Until the fall of 2019 

“Lessons From the Garden” had been something I had dreamed about….but now it was time to stop dreaming and begin working towards bringing my vision into reality.  With the help of my husband, friends, and family who donated the money to get it licensed, “Lessons From the Garden” was granted nonprofit status on January 3,  2020.   


The vision continues…..

I decided that I could still take students out into the garden after work hours in a non-profit Garden Club role.  I returned to the garden in the late fall of 2019 to host the first Garden Club of Kiser.  Through this Club, I was able once again to help students connect to their school garden and very own “wildlife habitat” — right outside their school doors!  I had planned to return in the spring as well, (but COVID 19 put an end to that).  I am hoping that this spring, I will be able to return. 


Founder Kathy Gooch |COTA/L

I was born in the mountains of East Tennessee and was fortunate enough to live on a beautiful farm there.  My childhood was spent taking care of and riding horses, playing (or working) all day outside, building forts in the woods, taking care of cats, dogs, rabbits, chickens, and hamsters, fishing, hiking, and muddling through school.  I very rarely watched TV, because there was always something more interesting outside that I wanted to do.  



kiser garden

My family instilled a love of nature and animals at an early age.  My folks and grandparents always had a large garden and grew much of our food.  My Mam-maws were always “putting up” fruits and vegetables, and teaching me how to make things out of nature (bracelets of clovers, necklaces out of dogwood berries, etc).  I wish I had listened more to their folk remedies using herbs and weeds.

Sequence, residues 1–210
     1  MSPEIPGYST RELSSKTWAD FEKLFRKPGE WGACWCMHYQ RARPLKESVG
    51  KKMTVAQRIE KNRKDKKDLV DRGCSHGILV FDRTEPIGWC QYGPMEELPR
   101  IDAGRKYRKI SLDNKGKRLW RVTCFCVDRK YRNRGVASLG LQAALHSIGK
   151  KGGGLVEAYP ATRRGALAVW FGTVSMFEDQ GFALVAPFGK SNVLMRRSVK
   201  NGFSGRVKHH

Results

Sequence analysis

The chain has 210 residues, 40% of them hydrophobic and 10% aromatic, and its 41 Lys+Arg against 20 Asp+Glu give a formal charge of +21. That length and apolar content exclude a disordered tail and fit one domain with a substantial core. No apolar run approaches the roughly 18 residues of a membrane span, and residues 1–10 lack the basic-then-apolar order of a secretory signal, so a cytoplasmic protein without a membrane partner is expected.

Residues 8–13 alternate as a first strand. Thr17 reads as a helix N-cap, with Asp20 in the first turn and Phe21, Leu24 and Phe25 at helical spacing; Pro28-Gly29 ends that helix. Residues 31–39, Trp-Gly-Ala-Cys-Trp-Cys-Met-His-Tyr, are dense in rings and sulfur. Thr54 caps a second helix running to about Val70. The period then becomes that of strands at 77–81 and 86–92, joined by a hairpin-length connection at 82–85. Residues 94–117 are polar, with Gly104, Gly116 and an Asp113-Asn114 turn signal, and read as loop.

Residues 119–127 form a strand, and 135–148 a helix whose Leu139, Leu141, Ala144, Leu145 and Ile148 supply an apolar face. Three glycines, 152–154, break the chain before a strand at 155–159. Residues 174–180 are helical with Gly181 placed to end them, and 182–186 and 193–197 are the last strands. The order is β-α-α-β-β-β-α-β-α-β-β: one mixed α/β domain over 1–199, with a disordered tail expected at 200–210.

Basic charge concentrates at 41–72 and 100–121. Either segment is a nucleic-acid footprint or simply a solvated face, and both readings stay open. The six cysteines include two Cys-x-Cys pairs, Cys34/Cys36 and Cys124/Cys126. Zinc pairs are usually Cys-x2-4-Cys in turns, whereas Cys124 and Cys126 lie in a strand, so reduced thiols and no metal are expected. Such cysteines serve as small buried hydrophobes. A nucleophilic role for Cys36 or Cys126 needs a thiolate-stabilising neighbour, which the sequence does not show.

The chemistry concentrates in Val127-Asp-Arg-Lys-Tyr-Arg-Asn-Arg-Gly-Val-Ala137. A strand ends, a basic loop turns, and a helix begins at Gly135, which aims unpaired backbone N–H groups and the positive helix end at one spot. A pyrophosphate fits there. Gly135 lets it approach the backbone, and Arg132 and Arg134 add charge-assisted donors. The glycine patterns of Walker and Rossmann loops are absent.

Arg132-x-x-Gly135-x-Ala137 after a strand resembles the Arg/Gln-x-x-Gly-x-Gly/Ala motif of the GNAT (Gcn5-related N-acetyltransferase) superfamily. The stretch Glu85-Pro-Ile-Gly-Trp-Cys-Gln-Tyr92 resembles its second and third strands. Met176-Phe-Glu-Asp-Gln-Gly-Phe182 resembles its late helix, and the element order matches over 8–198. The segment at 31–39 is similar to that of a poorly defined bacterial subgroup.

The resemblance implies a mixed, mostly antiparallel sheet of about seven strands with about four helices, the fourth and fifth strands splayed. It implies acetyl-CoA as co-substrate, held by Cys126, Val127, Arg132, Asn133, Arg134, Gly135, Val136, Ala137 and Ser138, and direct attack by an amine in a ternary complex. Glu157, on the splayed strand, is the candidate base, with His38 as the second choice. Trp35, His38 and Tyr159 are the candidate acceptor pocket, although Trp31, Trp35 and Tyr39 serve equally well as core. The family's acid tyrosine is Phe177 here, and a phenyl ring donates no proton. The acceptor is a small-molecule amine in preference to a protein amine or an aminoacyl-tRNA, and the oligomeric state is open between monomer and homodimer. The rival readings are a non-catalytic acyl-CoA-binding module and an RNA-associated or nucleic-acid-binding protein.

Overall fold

My husband and I left our families in Tennessee and moved to Ohio about 36 years ago.  It was one of the hardest decisions we had ever made in our lives, but fortunately, we were able to stay close to our families even though we lived so far away.  


I was fortunate enough to be able to stay home with my children while they were young, but once the last child started school, I decided to go to work as a hostess at the Lazarus in downtown Dayton.  1 night I turned on the TV and learned that the store was closing.  Luckily, they offered the displaced employees an opportunity to go to school.  So off to Sinclair I went and graduated at age 36.   


My first job out of school was at Dayton Public Schools, as a certified and licensed Occupational Therapy Assistant (COTA/L).  I have remained there for 24 years as of this writing.  When we started the Kiser School Garden, I  had worked for DPS  for 19 years, and in this particular elementary building for 9 years. 


As a practitioner of Occupational Therapy in the schools,  I have been trained to think about the whole child.  This includes their emotional & social health, their ability to visualize and play freely, to explore and understand the sensory world around them, and encourage their need to have a place to explore and connect with the natural environment.  With all of these things in mind, I began developing our outdoor learning lab/garden area.   It has become one of the best therapy spaces I could ever wish for….even better than I had dreamed.  





kiser garden
kiser garden angels
kathy gooch kiser garden
kathy gooch kiser garden

I am a wife of 41 years, mother to 3 wonderful children, and Memaw to 5 glorious grandchildren.  I am fortunate enough that 2 of my children, and 3 of my grandchildren live close, so I get to see them often.  My son and his family (2 grandsons), live in California.   Thank goodness for FaceTime and Zoom!  As a side note…..California is a wonderful place to visit!